Following more domestic terrorism arrests, protesters plan week of action in South River Forest
In the South River Forest, a week of action continues as protesters organize against Atlanta’s planned public safety training facility.
More protesters were arrested over the weekend at the construction site and charged with domestic terrorism. Arrest reports stated protesters attacked police officers and set fire to construction vehicles.
The domestic terrorism charges from both DeKalb and Fulton Counties are a rare move. Advocates say such charges are an outsized punishment for protesting and could dampen protests across the country if they succeed.
On Monday, Atlanta Police Chief Darin Schierbaum told Atlanta City Council members there has been a marked increase in aggression.
“It generally had been setting property on fire,” he said. “We’d seen police cars set on fire… but this started as an attack against individuals, men and women who are employees of the city.”
These protests have been happening for over a year in the forest where the 85-acre, police and fire training facility — dubbed “Cop City” — is slated to be built at a cost of $90 million. In January, during a clearing operation, law enforcement shot and killed a protester after an officer was shot.
In raids over the past several months, nearly 50 people have been arrested and charged for domestic terrorism. According to records obtained by WABE, these are the first and only cases of domestic terrorism in DeKalb County. Fulton County courts say they do not keep records of how many cases of domestic terrorism have happened.
Warrants name protesters’ affiliation with the Defend the Atlanta Forest movement as a reason.
Activist Jasmine Burnett with Community Movement Builders has been part of the protests. She said the charges are a scare tactic.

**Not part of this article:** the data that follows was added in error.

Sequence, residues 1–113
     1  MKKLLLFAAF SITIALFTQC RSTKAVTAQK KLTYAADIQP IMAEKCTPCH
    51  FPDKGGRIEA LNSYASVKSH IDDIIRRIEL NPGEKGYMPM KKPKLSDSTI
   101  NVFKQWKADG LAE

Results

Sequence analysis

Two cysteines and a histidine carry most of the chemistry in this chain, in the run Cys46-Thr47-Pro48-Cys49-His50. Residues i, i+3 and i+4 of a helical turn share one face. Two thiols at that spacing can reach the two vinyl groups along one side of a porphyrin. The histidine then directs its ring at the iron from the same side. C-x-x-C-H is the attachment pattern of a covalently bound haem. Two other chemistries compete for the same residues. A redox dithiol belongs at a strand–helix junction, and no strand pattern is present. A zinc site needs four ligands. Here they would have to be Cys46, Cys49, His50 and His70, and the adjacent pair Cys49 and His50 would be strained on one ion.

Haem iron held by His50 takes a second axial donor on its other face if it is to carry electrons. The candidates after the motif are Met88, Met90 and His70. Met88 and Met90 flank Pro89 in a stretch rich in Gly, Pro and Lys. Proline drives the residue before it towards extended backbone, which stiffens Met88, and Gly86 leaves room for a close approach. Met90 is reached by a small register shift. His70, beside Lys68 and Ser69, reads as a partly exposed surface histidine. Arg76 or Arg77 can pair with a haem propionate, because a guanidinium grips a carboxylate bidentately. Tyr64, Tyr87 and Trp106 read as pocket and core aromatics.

“Slapping them with domestic terrorism is also an attempt to warn other people who are organizing against it, other activists, to be careful and to be scared in a way. To try to silence our movement.”
Marlon Kautz, who works with the Atlanta Solidarity Fund to help people arrested while protesting, said the organization has never seen anything like this before.
“Honestly, I never really thought that I would see anything like this in Atlanta,” he said, “a city which kind of prides itself on its legacy of civil rights.”
Georgia’s Republican Attorney General Chris Carr tweeted he intends to prosecute the protesters to the full extent of the domestic terrorism law. He did not respond to a request for comment.
But experts say the legal definition of domestic terrorism in Georgia is quite broad.
Caren Morrison, a law professor at Georgia State University, said the statute language includes the language “alter, change or coerce the policy of the government.”
“Obviously, if you’re protesting, your hope is that you will alter or change the policy of the government because you’re trying to express your disagreement with it,” she said.
Typically, violent protesters receive various misdemeanor convictions that have fines or only a year of jail time. A felony conviction of domestic terrorism can land someone up to 35 years in prison.
“It’s going to be very hard to get anybody to want to protest anything in Georgia or, indeed, in any other state where this kind of use of the criminal law is used,” Morrison said. “This is definitely the criminal law as a cudgel as opposed to, you know, upholding the rule of law or something. It seems way out of proportion.”
There’s been a lot of nonviolent opposition to the training facility, especially from environmentalists who’d hoped the largest forest in metro Atlanta would remain undisturbed.
One of them is Jackie Echols with the South River Watershed Alliance, who showed me around the forest last year. We stood next to Intrenchment Creek, which bubbled from recent rainfall, as she told me about the wildlife and tree canopy in the area.
“Why do they want to build on the biggest contiguous piece of green space left?” Echols asked. “Why would they want to do that? Once it’s gone, there’s nothing left.”
Echols and others heavily lobbied Atlanta City Council members against the training center, but they lost.
Atlanta Mayor Andre Dickens said it’s needed to help fill nearly 450 police vacancies and attract new officers with state-of-the-art training in things like de-escalation techniques, community-oriented policing, and mental health.
Meanwhile, some environmental groups are looking for ways to preserve greenspace around the police training campus with a series of parks and forest trails.
As for the construction of the training facility, the county issued the first permits needed to start the project, and land clearing began this year.